Wednesday, February 1, 2012

Pop on Over

Trying to make popovers proved to be a difficult challenge for me for this month's Gluten Free Ratio Rally baking project. Despite the fact that these allegedly tall, crusty and pockety muffiny things are made from only a few simple ingredients, (milk, eggs, flour, butter, a little salt and some xanthan gum), my popovers were flop-overs.

The two batches of popovers I made were edible, but they certainly didn't resemble the gloriously puffy popovers I aspired to on the cover of Nicole Hunn's great GF cookbook, Gluten Free on a Shoestring. Now that is a popover!

What I got from my experiments were sunken in the middle, height-challenged flopovers, though I switched around flours and baking cups. I don't own popover tins, but having read in several different cookbooks that popovers can theoretically rise to majestic heights in regular muffin tins, ramekins or even coffee mugs, I tried all three ways. Sadly, something was amiss with my flop-overs.

My first batch was based on Hunn's basic popover recipe, though the first time around I used equal parts potato starch and white rice flour instead of the 1 cup of all-purpose gluten-free flour called for by Hunn because I thought that might make for a really light popover that would rise and rise and rise.

This is what I got from that first batch:

 They were nice and brown and CRISPY on the outside and somewhat moist and pudding-like on the bottom, but they were definitely concave in the middle. We ate them hot with blackberry jam and enjoyed them, but they needed improvement.

Flop-over batch #2 were baked with a half and half mixture of Bob's Red Mill all-purpose gluten-free flour and corn flour (with 1/2 tsp. celery seed for added flavor) for a savory and corny tasting popover. Again, edible, but decidedly concave rather than convex in the middle. Hmmm.

So, what should I do differently? Place them in a cold oven rather than a preheated oven as some cookbooks suggest? Bake for a longer time or at a higher temperature? Go ahead and splurge on real popover tins? I am open to suggestions.

I am going to keep at it, because I love the idea of an airy, crisp popover, and I am really looking forward to seeing what my fellow Ratio Rally-ers have come up with. Mrs. R. of Honey from Flinty Rocks will have links to a variety of sweet, savory and spicy popovers back at her blog so be sure to join me in hopping over there to see what successful gluten-free popover baking is all about.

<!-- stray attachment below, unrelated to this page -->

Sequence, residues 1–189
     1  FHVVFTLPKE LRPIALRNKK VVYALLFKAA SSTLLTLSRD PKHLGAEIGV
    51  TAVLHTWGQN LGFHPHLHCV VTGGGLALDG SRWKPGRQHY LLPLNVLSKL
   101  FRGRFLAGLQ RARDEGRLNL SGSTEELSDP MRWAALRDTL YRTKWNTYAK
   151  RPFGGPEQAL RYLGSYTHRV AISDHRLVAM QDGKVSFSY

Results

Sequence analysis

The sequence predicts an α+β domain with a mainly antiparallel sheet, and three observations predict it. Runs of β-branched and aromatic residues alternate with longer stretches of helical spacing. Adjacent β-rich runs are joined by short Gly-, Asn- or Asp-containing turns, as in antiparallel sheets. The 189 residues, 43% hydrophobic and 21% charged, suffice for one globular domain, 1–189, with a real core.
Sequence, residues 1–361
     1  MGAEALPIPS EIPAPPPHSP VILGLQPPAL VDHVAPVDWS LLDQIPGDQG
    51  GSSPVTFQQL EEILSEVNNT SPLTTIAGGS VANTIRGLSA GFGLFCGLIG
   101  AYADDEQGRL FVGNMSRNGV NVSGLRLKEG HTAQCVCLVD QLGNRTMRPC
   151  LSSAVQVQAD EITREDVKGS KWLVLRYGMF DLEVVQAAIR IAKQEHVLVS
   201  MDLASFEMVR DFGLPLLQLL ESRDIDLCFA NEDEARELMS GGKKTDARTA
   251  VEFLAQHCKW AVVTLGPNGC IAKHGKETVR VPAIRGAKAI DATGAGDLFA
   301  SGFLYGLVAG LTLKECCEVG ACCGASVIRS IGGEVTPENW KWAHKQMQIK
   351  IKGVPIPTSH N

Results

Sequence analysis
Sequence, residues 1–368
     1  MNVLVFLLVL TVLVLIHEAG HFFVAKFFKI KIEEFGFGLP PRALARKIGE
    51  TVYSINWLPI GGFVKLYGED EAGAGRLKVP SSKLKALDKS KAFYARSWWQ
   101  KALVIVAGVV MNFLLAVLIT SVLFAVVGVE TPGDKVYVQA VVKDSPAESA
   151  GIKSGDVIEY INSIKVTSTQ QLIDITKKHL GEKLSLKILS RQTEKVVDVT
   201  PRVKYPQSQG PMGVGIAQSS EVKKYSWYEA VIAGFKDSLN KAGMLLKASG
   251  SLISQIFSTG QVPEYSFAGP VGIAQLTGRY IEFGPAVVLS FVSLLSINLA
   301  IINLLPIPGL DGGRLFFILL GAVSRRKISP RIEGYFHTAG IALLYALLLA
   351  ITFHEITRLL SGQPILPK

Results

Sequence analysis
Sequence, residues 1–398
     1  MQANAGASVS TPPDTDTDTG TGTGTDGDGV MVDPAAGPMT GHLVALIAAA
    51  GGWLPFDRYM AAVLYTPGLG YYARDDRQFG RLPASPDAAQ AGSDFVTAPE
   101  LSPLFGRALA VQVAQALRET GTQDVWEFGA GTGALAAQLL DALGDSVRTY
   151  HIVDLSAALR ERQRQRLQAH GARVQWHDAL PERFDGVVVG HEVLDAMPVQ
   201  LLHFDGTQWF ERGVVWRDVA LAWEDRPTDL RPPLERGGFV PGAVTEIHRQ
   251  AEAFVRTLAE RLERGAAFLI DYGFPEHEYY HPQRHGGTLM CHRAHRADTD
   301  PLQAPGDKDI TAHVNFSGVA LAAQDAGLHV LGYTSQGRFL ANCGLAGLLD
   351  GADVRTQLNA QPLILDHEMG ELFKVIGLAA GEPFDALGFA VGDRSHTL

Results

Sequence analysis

Caneel said...

They look delicious, even if they flopped in the middle! I have always used a cold oven to start my popovers.

Morri said...

Ohhh, these look awesome, Rachel. I can just imagine some sort strawberry shortcake type of dessert, with the popovers acting as "bowls".

Also, I received "Gluten Free on a Shoestring" for Christmas and I wanted to know how you thought about it. :)

Again, awesome job.

<3 M.

Jenn said...

I think they look great - I wish I could help offer advice, but mine were "flopovers" as well... wonderful effort for this month's challenge!

celticjig said...

Even though they are concave,they look light an airy-er than mine!

Eliotseats said...

"Flopovers"? Maybe you have created something new?

maryfran said...

I don't think they look bad at all! Did you use melted butter in your batter? And I had a super hot oven for about 20 minutes for mine...

And maybe using more flour - the lighter flours will weigh less than the one in your referenced recipe..

But, these look yummy. I would pour on some chocolate syrup and eat them up!

Jonathan said...

While our "flopovers" and "popunders" were less than typical of what Ruhlman intended with his popover ratio, I actually found those to be super tasty! Like the fallen souffle and yorkshire pudding, "mistakes" don't have to be a bad thing. And I bet that your corn and celery seed batch tasted awesome. :) Thank you for sharing, Rachel!

Shelby said...

I have great luck with my mini muffin tin (non-stick) but I also haven't tried gluten free....however, I don't think that has anything to do with it. I'm pretty certain its the pan. I'm curious, did you use cooking spray? I very, very lightly spray my pan. I remember my mom telling me not to grease too high up the side of a cake pan because it will make that "edge" you don't want on a cake. Just ideas :)